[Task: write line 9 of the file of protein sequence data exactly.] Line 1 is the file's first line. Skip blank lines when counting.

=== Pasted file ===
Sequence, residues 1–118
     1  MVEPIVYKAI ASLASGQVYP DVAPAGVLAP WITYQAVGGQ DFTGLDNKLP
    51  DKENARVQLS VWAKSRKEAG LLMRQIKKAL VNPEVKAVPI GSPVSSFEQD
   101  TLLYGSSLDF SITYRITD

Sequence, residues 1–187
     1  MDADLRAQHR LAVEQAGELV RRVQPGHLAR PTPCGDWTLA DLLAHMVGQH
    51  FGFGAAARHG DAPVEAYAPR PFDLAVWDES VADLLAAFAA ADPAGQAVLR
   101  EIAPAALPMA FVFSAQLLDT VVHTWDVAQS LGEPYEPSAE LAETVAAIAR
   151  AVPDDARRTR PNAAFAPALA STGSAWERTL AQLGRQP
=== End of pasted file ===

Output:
   151  AVPDDARRTR PNAAFAPALA STGSAWERTL AQLGRQP